Another story of the collection, “Excavation” is about two journalists visiting a village to report on an irrigation project in which a canal is to be dug to connect it with a nearby river so that villagers could use it for irrigation. The locally appointed collaborator ensures the journalists that when the excavation is done, “The two barren fields on both banks of the river will be fertile once again.”  Another crucial issue emphasized is that “publicity should never stop…” that is why the journalists are there. Yet “in no circumstances do the people belonging to this [underprivileged] class benefit much – their situation, their position, their problems…everything remains unchanged.” The ones who are supposed to question the sickness of meaningless developmental projects and the unequal distribution of wealth, that is, journalists, may find themselves not being able to perform their professional task as has been expressed by the main protagonist Shahed himself: “Shut up!” roared Shahed. “Don't ever mention ethics and journalism and all that bullshit again…The entire country is going to the dogs and his highness is talking about ethical journalism!”

While depicting the socio-economic inequalities in Bangladesh, Haq is not indifferent to nature depicted as the backdrop against which his characters' struggle.s Powerful imageries are used in almost all the twelve stories translated for this purpose; often the characters and the nature mesh into one in their desire, frustration and angst. Take the story titled, In Search of Happiness which begins with: “How cool the shade over there must be! It's calling out to me.” The main protagonist of the story, Kunkum constantly “opened herself up to the mute world” and it would seem from outside that she “never” understood herself “fully.” She confesses that as she “watched a dragonfly rub its head with its leg,” she heard a “solitary crow”cawing and a “dove cooing. “A dry leaf floated from a tree to the ground. [And] the wind whistled through the trees.” Kunkum carries in her breasts this strange pain and a kind of je ne sais quoi feeling which can only be shared in immersing herself fully and nakedly in nature, by “finding bliss in letting go.”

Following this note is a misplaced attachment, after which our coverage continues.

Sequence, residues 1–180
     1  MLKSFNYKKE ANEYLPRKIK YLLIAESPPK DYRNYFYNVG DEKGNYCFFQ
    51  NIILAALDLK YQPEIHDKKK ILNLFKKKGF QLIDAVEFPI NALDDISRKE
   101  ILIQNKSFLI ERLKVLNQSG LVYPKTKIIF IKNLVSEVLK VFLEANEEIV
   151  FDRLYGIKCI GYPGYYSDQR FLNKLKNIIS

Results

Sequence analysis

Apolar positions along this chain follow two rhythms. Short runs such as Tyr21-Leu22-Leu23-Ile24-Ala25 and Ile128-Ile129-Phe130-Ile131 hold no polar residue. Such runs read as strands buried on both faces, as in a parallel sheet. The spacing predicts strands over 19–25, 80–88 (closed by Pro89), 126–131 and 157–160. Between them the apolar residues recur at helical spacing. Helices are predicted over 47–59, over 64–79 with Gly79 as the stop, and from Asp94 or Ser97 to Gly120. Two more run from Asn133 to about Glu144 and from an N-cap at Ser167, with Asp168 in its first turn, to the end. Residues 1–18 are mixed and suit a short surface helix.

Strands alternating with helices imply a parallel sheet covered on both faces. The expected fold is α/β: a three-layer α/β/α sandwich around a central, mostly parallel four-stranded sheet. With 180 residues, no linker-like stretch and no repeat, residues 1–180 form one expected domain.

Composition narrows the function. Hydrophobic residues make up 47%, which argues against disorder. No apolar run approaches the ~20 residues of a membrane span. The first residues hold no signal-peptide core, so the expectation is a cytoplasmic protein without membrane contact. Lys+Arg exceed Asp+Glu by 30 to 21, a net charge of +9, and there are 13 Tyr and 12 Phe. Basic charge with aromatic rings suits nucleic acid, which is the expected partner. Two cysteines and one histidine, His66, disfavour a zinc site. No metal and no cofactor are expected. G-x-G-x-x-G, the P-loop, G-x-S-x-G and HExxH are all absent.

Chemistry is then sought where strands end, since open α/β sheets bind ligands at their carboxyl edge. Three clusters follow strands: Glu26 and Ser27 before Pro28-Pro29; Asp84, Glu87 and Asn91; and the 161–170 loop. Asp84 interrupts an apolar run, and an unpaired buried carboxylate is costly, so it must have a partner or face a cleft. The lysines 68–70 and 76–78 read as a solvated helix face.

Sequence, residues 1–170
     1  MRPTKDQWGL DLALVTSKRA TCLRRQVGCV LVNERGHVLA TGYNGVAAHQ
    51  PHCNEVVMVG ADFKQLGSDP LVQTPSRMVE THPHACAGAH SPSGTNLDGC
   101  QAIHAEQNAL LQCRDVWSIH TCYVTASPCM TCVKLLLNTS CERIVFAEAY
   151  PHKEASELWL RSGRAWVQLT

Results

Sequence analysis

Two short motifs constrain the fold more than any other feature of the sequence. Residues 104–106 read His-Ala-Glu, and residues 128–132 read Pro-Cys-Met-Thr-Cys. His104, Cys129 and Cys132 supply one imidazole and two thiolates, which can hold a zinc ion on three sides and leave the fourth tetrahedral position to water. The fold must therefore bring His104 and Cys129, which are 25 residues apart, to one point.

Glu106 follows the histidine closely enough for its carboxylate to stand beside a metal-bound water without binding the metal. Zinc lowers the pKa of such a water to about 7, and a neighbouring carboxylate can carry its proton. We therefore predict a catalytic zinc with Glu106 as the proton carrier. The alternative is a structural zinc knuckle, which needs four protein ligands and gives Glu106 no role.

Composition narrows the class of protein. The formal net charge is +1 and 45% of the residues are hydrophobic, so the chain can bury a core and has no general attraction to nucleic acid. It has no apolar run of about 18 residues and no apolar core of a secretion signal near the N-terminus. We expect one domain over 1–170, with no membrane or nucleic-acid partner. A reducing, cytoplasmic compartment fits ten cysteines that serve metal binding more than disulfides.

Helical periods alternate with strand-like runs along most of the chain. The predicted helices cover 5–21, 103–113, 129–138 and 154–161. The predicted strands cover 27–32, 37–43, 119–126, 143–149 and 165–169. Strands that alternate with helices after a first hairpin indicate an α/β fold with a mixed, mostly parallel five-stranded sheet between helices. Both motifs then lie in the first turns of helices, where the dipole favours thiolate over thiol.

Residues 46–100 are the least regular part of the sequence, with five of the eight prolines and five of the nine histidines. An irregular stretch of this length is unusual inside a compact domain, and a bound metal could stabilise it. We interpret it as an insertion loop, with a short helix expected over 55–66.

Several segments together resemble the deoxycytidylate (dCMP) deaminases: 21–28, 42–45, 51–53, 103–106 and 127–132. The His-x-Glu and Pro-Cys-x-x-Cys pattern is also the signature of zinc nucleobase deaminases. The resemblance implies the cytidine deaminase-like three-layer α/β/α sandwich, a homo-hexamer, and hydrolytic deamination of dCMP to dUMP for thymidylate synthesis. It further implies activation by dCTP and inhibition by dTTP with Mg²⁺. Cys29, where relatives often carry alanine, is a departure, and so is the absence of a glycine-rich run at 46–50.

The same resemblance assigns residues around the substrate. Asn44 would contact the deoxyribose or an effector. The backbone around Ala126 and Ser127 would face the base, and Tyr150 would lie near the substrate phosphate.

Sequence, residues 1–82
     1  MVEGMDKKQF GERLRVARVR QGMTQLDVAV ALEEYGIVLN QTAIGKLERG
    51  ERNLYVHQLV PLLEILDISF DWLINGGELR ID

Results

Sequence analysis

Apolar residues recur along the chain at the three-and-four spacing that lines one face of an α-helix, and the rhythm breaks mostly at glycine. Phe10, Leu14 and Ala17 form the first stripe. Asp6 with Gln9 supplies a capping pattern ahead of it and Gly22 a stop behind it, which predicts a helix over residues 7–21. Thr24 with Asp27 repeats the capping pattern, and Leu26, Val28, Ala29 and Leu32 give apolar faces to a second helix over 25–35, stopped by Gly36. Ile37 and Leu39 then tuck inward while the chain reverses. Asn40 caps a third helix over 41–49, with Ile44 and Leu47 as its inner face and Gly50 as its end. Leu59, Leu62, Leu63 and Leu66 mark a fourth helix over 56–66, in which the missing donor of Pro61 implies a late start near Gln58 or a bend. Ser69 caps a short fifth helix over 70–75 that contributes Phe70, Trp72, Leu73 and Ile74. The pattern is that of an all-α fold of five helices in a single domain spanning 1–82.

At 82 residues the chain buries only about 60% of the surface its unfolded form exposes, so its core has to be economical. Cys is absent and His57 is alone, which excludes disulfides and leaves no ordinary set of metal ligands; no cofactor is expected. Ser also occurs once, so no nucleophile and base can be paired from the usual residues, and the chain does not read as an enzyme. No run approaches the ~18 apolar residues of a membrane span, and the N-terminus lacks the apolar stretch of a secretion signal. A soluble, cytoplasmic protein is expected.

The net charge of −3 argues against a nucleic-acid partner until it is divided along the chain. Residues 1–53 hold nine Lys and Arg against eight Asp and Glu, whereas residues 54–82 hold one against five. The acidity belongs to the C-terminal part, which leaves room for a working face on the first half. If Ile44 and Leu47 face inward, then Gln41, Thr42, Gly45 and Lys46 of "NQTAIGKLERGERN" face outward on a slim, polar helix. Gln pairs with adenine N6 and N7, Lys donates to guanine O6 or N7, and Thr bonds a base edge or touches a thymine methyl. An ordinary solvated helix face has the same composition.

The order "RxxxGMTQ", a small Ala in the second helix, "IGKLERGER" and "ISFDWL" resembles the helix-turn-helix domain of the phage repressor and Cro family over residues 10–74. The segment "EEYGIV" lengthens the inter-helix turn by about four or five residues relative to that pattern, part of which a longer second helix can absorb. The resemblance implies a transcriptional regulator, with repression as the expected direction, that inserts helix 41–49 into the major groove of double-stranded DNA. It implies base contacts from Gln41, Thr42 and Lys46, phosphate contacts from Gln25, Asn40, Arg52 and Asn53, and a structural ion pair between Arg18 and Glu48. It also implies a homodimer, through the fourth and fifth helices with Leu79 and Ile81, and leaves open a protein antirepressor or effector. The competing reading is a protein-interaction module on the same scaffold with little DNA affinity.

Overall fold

Human ability to play 'evil' and 'brutal' have not been ignored by Haq either. The story, Vulture is an apt example. A group of boys playfully kills a vulture. Fatigued by their innocent but brutal playfulness, they return home “swaying and staggering, limping and tripping, exhausted and famished,” they “talked about the next day's plan.” That there is spontaneity even in such brutal acts by individuals has been addressed by Haq over and over again in his writing. 

Like any other original writer, Hasan Azizul Haq may appear untranslatable at the outset. He appears so, not because of his diction and style, but because of the very content that he deals with, i.e., the specificity of the struggle of the have-nots under an uneven economy like Bangladesh and also the specific crises suffered by individuals across societies. Those who look for 'comfort' in literary texts will also find Haq disturbing. In depicting a harsh reality without compromise, he pushes his readers to a revolutionary understanding of society. Hence translating him to the people in a different language would require a commitment to the struggle of the masses. The translator Bhaskar Chattopadhyay must have felt the challenge to the fullest, and it does appear that he tried his best to satisfy his readers to the best of his abilities in Twelve Stories.

Mahmud Hasan Khan is Associate Professor, Department of English & Humanities at the University of Liberal Arts Bangladesh